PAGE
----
The evolving field of quantum science, especially as incubated at Caltech, is a defining example of the Institute's commitment to innovation through deep exploration and understanding across disciplines. When Guruswami Ravichandran, Chair of the Division of Engineering and Applied Science, is asked about the future of science and engineering, he focuses on frontier fields such as quantum engineering, where Caltech is a unique catalyst. "The science of things is getting smaller," he says. "We are also seeing a societal need for things to get smaller—and it doesn't get smaller than the quantum scale, which is an area of historic expertise for Caltech." According to Ravichandran, "the marriage of quantum science and engineering has the potential to result in technologies that can revolutionize all aspects of science."
ENGenious sat down with four EAS faculty members who Ravichandran identifies as part of a select group focused on studying the quantum phenomena "in exquisite detail, with an eye to bringing that detail to usefulness. The group spans the whole spectrum, from the most basic science to information theory and quantum information theory to the reality of devices." These four are Oskar Painter, John G Braun Professor of Applied Physics and Fletcher Jones Foundation Co-Director of the Kavli Nanoscience Institute (KNI); Keith Schwab, Professor of Applied Physics; Andrei Faraon, Assistant Professor of Applied Physics and Materials Science; and Thomas Vidick, Associate Professor of Computing and Mathematical Sciences.
These researchers are exploring the root concept of quanta on a scale both vast and minute, enabling and limiting. "What we're really thinking about is fully using all the subtlety that is in nature, as described with quantum mechanics, and trying to extract all the functionality and utility out of that model. This full use of nature—it's what we're after," says Keith Schwab. "We ask ourselves: How does the full quantumness of nature help us do things in the world? How does the physics of these things limit what we can do? Nature doesn't always provide capability. The best-known example is probably the sensitivity of LIGO (the Laser Interferometer Gravitational-Wave Observatory). It is limited by the quantum fluctuations of light. We do this dance with nature, working within all of its capabilities and limitations."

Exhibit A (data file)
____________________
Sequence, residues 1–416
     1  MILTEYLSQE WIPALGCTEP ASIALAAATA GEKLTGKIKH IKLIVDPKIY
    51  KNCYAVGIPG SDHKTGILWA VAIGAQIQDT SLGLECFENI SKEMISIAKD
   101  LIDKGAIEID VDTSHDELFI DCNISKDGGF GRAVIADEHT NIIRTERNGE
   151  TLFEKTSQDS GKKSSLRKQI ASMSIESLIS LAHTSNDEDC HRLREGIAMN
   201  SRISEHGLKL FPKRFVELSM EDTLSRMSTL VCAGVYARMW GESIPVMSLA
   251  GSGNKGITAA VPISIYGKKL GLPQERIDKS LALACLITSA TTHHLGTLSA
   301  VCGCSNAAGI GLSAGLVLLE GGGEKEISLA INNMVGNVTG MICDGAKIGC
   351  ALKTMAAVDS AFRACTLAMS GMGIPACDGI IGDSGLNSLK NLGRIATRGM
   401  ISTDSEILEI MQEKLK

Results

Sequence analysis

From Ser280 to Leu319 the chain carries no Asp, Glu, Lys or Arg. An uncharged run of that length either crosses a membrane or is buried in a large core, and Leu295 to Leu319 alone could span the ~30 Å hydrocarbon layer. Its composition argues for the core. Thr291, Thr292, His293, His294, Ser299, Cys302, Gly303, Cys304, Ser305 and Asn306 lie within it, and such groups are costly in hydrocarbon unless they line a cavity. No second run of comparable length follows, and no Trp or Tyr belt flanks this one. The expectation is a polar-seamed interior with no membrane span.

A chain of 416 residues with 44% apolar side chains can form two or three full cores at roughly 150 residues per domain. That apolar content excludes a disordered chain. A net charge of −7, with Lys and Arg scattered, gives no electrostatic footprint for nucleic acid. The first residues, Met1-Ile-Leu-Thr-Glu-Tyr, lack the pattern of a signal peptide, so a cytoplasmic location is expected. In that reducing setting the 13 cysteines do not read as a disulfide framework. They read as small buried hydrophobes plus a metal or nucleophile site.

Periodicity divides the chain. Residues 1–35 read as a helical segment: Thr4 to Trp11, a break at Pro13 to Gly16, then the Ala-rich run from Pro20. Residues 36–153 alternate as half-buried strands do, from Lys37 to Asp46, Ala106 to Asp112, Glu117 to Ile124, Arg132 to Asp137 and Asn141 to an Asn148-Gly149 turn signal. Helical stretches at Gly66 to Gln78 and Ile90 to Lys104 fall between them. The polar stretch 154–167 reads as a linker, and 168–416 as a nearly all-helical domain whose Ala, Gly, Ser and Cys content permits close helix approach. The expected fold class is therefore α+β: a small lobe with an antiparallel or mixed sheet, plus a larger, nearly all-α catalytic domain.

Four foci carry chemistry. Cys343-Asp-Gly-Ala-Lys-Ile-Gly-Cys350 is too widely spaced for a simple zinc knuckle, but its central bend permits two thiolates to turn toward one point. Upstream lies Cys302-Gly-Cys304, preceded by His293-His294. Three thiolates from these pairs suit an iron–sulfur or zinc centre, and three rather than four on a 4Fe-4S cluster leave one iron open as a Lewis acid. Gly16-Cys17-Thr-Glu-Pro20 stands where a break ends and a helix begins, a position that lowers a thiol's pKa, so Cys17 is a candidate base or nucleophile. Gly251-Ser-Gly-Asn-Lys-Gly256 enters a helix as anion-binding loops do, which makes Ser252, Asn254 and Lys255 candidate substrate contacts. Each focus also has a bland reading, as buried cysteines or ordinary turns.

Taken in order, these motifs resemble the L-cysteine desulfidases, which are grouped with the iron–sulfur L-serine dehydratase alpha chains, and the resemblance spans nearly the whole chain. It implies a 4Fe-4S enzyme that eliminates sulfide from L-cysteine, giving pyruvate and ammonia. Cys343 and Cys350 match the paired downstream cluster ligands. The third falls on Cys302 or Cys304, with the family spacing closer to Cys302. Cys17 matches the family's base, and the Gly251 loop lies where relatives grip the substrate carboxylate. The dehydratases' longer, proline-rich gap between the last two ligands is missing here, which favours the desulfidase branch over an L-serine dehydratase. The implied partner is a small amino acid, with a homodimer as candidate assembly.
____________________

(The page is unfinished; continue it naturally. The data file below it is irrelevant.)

Andrei Faraon goes on to explain that the history of quantum engineering is an evolution from ensemble systems to single quantum states. "In the past, quantum mechanics was used to make devices like lasers, which are an ensemble of quantum objects described in a quantum way," he says. "Now we are entering a new era where we are working with quantumness that is fundamental and singular: single atoms, single photons, or single electrons. We are only now trying to develop devices that use these single quantum objects and single quantum states." This trajectory, with the generation of photonics and laser applications giving rise to the more theoretical frontiers of single quantum states, is evident in the range of the respective disciplines of the researchers brought together in this emerging field.
Oskar Painter, like Faraon, comes from the more traditional area historically referred to as quantum electronics or laser physics. He is excited by the potential that such newcomers as Thomas Vidick have brought to the work as the field has expanded into information science. "Thomas works on the boundary of quantum information science," says Painter. "His work broadens the scope of how we can think about the information of quantum physics. His field has huge potential for communications and the way we compute and process information." Then there is the important question of measurement, where Painter sees Keith Schwab's contribution as essential: "Keith represents the key in-between and has worked his whole career to develop new types of measurement techniques and sensors that can rely on some of these very subtle properties of quantum physics that are not represented in the more historical work. This idea of precision measurement and the limitations of measurements helps us do things in a better way."